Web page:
Bahrain-Merida's Iván Cortina wins Tour of California stage five

Tejay van Garderen (EF-Education First) maintains his lead in the general classification, though it has been cut to four seconds

(Image credit: Getty Images)

Bahrain-Merida’s Iván García Cortina scored his first WorldTour win of his career, winning stage five of the Tour of California.

The 23-year-old Spaniard was the fastest in a smaller-than-expected group to reach the finish line together, beating Maximiliano Richeze (Deceuninck-Quick Step) and Sergio Higuita (EF-Education First).

Cortina, who finished second on stage two of this March’s Paris-Nice, ends Deceuninck-Quick Step’s dominance in the race, the Belgian team having won each of the last three stages.

It was thought that the day was earmarked for the pure sprinters, but Peter Sagan’s involvement in the breakaway and a flurry of attacks on a climb five kilometres from the finish made a mockery of pre-race expectations.

Race leader Tejay van Garderen was one of just 26 riders to make it the finish line together, the EF-Education First man maintaining his lead on the general classification.

Kasper Asgreen (Deceuninck-Quick Step) collected a valuable three bonus seconds, moving him up to second on GC and just four seconds off the lead ahead of Friday's Queen stage.

How it happened

Van Garderen controversially began the day in yellow, sitting six seconds ahead of Moscon, despite finishing 54 seconds behind yesterday’s race winner Fabio Jakobsen.

Feeling aggrieved that he wasn’t the new leader, Asgreen was eager to put the pressure on Van Garderen and won the day’s first intermediate sprint, collecting three bonus seconds, putting him just four seconds adrift of the lead.

Only then was a breakaway allowed to form and it featured some high-profile names such as Sagan (Bora-Hansgrohe).

The three-time world champion was joined by Davide Ballerini (Astana), Jasper Philipsen (UAE-Team Emirates), Tim Declercq (Deceuninck-Quick Step), Toms Skujins (Trek-Segafredo), Leonoardo Basso (Team Ineos), Michael Schär (CCC Team), Brandon McNulty (Rally UHC), Alex Hoehn (United States), Cees Bol (Sunweb) and the Jumbo-Visma pairing of Neilson Powless and Lennard Hofstede.

Hoehn’s grip on the mountain classification faded with Ballerini collecting maximum points throughout the day, the former returning to the peloton before the catch, accepting defeat.

On the penultimate climb of the day, with the peloton less a minute behind, the breakaway attacked one another, Declercq putting in a reasonable attack that allowed him an extended stay out front.

At eight kilometres from the end, though, the peloton caught the large break, with Declercq around 20 seconds ahead.

The anticipated sprint finish failed to materialise, though. An unclassified sharp climb 5km from the finish prompted a number of moves from the peloton, most notably from Declercq’s teammate Zdenek Štybar.

Splits occurred in the peloton, lining riders out all over the road and creating a multitude of small groups with most of the pre-stage favourites failing to keep pace and dropping back.

Up ahead, Sergio Higuita and George Bennett of Jumbo-Visma both passed Stybar, the duo seeking the stage win and hoping to reduce their deficit to Van Garderen.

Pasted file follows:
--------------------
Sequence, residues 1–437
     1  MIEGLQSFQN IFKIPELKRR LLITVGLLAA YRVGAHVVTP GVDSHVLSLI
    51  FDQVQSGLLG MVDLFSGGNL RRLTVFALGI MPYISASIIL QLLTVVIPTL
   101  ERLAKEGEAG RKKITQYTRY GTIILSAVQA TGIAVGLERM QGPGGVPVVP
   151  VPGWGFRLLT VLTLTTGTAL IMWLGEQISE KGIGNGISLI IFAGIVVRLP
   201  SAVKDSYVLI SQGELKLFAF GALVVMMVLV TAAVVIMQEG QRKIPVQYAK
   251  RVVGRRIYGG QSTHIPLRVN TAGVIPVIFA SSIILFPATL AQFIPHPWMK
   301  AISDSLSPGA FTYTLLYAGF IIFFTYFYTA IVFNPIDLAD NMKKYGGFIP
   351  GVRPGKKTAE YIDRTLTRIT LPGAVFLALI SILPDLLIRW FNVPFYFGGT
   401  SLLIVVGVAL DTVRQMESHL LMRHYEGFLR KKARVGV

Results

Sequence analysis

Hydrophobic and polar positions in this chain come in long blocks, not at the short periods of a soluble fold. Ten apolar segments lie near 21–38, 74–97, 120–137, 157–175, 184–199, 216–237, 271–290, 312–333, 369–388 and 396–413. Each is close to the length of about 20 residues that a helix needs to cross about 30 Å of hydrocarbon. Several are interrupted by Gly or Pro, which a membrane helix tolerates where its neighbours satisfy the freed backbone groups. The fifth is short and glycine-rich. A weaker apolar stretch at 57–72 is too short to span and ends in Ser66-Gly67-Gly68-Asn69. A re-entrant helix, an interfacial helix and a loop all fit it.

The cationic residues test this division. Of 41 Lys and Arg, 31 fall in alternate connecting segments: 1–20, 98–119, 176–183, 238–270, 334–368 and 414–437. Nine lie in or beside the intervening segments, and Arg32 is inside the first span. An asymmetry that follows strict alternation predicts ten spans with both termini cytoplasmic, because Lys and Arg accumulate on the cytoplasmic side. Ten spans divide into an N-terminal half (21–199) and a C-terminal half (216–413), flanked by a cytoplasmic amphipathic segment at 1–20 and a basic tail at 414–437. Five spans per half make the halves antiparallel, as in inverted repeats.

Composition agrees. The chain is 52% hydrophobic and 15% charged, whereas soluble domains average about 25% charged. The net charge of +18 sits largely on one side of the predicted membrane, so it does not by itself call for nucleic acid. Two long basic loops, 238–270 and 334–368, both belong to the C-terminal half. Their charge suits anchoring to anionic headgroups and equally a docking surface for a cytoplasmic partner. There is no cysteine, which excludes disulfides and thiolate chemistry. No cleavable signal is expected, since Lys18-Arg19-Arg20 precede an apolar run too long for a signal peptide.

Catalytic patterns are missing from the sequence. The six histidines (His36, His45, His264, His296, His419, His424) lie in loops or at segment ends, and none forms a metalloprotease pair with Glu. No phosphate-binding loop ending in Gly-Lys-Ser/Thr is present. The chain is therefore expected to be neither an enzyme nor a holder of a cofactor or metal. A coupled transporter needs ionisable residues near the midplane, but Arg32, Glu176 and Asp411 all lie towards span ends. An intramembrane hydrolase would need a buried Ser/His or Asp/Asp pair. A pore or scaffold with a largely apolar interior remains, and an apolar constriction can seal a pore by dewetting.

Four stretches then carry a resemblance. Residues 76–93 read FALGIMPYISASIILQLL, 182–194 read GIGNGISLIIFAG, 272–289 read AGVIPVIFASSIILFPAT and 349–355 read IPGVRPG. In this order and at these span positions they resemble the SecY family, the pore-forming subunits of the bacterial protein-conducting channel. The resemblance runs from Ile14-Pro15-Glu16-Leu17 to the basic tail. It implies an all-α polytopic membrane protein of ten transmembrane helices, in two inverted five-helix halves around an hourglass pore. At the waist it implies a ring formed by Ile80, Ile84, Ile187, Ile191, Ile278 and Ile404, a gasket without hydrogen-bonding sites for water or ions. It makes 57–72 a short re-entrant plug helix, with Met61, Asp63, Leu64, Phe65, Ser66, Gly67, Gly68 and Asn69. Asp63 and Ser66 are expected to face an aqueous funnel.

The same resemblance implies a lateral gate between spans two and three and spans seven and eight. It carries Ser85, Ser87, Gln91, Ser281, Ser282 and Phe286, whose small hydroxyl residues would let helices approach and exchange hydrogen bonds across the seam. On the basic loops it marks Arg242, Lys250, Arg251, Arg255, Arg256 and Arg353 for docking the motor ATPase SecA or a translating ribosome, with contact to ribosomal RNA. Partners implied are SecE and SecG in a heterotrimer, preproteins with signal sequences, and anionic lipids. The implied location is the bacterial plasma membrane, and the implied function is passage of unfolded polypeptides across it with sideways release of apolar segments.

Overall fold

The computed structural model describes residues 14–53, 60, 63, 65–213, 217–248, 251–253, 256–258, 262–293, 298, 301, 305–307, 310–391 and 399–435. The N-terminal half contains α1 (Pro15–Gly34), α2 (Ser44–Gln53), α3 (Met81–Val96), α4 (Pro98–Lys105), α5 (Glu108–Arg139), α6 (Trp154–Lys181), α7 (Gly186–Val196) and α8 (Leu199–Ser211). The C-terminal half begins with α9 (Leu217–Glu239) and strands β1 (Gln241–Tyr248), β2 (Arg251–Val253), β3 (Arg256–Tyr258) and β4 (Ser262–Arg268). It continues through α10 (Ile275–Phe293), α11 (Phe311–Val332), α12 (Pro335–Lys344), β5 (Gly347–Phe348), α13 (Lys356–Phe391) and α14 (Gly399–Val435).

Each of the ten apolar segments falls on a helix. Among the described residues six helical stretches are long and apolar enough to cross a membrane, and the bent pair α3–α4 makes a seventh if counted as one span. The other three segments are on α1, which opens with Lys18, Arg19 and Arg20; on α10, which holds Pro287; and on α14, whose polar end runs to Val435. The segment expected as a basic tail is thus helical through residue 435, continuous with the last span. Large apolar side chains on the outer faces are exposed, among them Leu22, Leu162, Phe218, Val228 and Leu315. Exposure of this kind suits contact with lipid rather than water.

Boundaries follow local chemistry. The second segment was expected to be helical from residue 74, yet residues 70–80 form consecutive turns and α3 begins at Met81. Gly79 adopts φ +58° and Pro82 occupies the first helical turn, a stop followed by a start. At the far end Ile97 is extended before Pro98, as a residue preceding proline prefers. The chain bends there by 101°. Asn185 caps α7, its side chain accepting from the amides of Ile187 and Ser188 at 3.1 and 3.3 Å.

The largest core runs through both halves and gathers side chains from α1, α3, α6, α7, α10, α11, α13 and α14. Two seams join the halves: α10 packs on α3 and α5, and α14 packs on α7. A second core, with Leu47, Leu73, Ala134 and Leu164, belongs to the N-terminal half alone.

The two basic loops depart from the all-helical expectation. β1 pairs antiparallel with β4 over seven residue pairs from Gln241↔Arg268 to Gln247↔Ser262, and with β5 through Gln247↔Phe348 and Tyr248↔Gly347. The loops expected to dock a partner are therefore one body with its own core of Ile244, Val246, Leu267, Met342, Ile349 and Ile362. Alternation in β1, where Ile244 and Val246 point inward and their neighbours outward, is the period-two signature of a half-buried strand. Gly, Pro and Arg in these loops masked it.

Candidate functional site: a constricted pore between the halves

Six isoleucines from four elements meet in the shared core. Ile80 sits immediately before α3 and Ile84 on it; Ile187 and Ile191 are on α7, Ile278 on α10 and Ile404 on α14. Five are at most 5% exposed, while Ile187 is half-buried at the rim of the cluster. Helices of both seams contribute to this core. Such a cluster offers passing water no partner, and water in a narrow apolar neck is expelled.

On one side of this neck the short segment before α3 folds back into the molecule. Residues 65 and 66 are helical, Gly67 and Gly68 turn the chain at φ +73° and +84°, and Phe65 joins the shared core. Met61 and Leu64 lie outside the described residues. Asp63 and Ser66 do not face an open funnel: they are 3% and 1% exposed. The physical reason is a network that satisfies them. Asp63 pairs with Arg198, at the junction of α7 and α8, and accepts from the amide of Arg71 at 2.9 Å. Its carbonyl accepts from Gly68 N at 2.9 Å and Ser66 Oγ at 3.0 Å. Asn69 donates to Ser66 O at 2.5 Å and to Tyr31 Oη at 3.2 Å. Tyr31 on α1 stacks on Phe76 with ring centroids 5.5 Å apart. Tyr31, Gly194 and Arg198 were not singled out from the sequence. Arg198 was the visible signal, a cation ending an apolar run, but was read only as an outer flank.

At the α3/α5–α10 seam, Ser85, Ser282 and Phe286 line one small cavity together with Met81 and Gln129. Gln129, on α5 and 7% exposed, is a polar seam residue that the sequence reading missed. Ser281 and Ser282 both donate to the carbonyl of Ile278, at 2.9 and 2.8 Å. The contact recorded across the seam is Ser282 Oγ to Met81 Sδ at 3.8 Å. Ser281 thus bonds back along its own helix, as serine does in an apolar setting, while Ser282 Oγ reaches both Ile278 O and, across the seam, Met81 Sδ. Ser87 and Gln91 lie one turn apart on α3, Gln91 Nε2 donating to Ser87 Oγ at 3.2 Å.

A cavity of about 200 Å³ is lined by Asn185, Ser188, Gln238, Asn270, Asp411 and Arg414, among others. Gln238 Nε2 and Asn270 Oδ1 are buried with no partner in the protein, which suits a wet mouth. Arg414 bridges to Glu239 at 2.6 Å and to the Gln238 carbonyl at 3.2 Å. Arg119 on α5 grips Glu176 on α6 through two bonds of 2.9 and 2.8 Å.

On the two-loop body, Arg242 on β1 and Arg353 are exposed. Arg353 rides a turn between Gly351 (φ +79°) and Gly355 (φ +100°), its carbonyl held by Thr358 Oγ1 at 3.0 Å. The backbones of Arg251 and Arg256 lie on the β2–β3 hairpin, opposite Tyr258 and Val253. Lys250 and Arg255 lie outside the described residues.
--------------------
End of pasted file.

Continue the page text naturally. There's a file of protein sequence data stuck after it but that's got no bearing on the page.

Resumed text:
Unfortunately for them they were caught by a small group initially that morphed into a larger one.

Containing sprinters such as Nacer Bouhanni (Cofidis), more attacks were expected inside the final three kilometres.

A tailwind, however, deterred any movements and it came down to a sprint in Ventura.

Richeze was deployed as Asgreen’s lead-out, but the Dane was unable to take full advantage. Instead, sitting in the Argentine’s slipstream was Cortina who was able to go left and open up his sprint, edging past Richeze in what came down to a two-man fight for the line.

Stage six takes the peloton up the slopes of Mount Baldy, a summit finish that is certain to cause changes in the general classification.


Tour of California stage five: Pismo Beach > Ventura (218.5km)

  1. Iván García Cortina (Esp) Bahrain-Merida in 4-56-11
  2. Maximiliano Richeze (Arg) Deceuninck-Quick Step
  3. Sergio Higuita (Col) EF-Education First
  4. Joris Nieuwenhuis (Ned) Sunweb
  5. Kasper Asgreen (Den) Deceuninck-Quick Step
  6. Maximilian Schachmann (Ger) Bora-Hansgrohe
  7. Pawel Bernas (Pol) CCC Team
  8. Nacer Bouhanni (Fra) Cofidis
  9. Tadej Pogačar (Slo) UAE-Team Emirates
  10. Hugo Houle (Can) Astana, all at same time

General classification after five stages

  1. Tejay van Garderen (USA) EF-Education First in 26-13-01
  2. Kasper Asgreen (Den) Deceuninck-Quick Step, at 4 secs
  3. Gianni Moscon (Ita) Team Ineos, at 6 secs
  4. Tadej Pogačar (Slo) UAE-Team Emirates, at 16 secs
  5. Maximilian Schachmann (Ger) Bora-Hansgrohe, at 22 secs
  6. Sergio Higuita (Col) EF-Education First, at 28 secs
  7. Jonas Gregaard (Den) Astana, at 33 secs
  8. George Bennett (NwZ) Jumbo-Visma, at 34 secs
  9. Felix Grossschartner (Ast) Bora-Hansgrohe, at 35 secs
  10. Rigoberto Urán (Col) EF-Education First, at 36 secs

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Chris Marshall-Bell

Chris first started writing for Cycling Weekly in 2013 on work experience and has since become a regular name in the magazine and on the website. Reporting from races, long interviews with riders from the peloton and riding features drive his love of writing about all things two wheels.

Probably a bit too obsessed with mountains, he was previously found playing and guiding in the Canadian Rockies, and now mostly lives in the Val d’Aran in the Spanish Pyrenees where he’s a ski instructor in the winter and cycling guide in the summer. He almost certainly holds the record for the most number of interviews conducted from snowy mountains.